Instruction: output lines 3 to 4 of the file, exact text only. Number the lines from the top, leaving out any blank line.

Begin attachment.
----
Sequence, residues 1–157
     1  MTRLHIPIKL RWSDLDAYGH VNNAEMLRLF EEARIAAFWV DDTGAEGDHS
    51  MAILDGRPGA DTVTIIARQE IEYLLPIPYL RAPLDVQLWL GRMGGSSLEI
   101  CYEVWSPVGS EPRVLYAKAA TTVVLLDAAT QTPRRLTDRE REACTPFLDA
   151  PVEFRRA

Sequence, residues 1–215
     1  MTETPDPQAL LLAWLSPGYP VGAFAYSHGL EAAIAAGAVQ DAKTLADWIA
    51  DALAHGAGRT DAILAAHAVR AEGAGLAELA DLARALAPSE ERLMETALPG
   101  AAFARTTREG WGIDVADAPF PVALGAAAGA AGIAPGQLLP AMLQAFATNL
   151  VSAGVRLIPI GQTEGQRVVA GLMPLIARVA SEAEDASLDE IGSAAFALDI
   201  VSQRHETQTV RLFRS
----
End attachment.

    51  MAILDGRPGA DTVTIIARQE IEYLLPIPYL RAPLDVQLWL GRMGGSSLEI
   101  CYEVWSPVGS EPRVLYAKAA TTVVLLDAAT QTPRRLTDRE REACTPFLDA